Rue de Charenton is one of the oldest and longest streets in Paris gathering buildings with heterogeneous appearances and heights. Haussmann’s heritage coexists with constructions of the early 20th century and other historic and protected buildings. This project developed by architects Avenier Cornejo faces all those Parisian characteristics. It is located between a classic Haussmann building and a fully ornamented brick construction from 1900 with Art Deco accents.
To answer this context the façade is made of solid brick with a hollow joint. It’s design and ornamental treatment displays an arc-shaped corner that makes the transition with the adjacent buildings. Here and there, glazed blue bricks offer a contemporary take on this typical Parisian heritage. Perforated aluminium shutters make vibrate the façade even more and offer intimacy for the terraces and interior spaces of the apartments.
On it’s backside the building develops a compact U-typology in order to provide a large and transparent façade facing south- west, a small collective garden on the ground floor and private outdoors at each level for all apartments. This configuration also allows to avoid shadows on the building itself and its neighbours.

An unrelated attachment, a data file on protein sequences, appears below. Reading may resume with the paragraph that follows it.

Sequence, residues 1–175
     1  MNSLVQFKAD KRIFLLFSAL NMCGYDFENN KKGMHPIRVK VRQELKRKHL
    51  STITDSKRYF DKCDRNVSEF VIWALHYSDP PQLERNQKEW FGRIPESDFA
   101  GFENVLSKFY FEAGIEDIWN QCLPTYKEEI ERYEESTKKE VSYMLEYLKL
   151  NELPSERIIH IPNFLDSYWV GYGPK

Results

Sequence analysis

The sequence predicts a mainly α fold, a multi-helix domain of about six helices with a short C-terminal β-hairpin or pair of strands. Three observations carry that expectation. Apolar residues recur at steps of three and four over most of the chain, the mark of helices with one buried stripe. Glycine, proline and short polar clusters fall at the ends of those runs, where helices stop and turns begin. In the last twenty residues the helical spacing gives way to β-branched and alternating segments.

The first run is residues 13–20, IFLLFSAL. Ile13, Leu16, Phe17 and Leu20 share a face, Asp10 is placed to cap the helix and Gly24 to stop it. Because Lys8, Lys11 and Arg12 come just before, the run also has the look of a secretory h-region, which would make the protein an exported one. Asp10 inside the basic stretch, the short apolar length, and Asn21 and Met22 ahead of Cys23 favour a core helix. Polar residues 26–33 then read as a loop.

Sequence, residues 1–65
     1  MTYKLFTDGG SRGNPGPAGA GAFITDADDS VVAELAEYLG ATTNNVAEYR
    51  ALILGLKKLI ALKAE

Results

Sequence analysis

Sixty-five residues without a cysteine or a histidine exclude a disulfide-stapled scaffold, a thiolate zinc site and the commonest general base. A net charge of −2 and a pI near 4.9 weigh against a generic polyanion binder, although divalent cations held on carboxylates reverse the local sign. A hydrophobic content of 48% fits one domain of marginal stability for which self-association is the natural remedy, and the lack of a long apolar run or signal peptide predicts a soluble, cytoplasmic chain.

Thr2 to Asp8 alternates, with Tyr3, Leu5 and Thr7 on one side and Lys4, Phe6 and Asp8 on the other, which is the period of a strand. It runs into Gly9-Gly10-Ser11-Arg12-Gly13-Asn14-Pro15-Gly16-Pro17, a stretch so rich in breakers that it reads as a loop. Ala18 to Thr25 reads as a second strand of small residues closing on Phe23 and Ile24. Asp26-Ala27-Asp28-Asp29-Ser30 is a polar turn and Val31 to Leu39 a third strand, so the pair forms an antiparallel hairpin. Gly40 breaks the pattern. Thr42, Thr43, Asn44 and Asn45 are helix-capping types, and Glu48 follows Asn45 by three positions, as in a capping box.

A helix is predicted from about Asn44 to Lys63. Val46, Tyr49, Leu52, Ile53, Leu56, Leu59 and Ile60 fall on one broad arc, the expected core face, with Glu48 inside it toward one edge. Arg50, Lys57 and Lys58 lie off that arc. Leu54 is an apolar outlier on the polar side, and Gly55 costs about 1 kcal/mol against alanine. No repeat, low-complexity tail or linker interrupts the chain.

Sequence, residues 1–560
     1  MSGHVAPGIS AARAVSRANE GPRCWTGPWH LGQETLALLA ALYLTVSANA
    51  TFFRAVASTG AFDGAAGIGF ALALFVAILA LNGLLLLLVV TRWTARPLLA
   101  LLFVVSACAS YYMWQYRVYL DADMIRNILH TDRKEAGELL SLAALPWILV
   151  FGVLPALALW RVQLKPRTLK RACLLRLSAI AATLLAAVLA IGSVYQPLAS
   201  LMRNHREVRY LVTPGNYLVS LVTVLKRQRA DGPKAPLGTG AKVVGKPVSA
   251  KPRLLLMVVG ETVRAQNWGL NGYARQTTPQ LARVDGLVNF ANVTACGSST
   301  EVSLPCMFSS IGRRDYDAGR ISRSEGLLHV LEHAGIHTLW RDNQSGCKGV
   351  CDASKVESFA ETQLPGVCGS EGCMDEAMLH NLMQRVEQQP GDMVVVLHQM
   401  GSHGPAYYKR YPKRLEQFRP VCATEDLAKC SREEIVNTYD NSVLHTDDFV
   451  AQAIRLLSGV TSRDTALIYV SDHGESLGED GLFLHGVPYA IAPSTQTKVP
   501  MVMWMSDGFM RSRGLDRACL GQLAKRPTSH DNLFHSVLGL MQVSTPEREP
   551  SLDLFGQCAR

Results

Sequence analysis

All apartment typologies has been studied to improve architectural, spatial and environmental qualities and overcome the context constraints (urban rules, limited views, etc.). All dwellings have an outdoor private space (loggia, balcony or terrace), full-height sliding walls to easily split spaces and bathrooms and kitchens with natural light.
On the ground floor, a moucharabieh provides light to the bike garage and storage room. The transparent and walk-throught lobby offers views on the backyard which is a small oasis of calm for the inhabitants. The sixth floor is also thought as a peaceful and vegetalized space.
This project is the first Parisian social housing development with positive energy and BEPOS Effinergie label
The project is a delicate balance between interior and exterior, private and collective spaces, contemporary expression and continuity with Paris’ historic architecture.
Project Manager: Morgane Adler
Project Team: EVP Ingénierie (structural engineer); B52 (fluids engineer); Fabrice Bougon (economy); Etamine (environment)
Client: Habitat Social Français (HSF), RIVP’s subsidiary company
Construction Companies: Tempère
Construction Brick facade subcontractor: BYN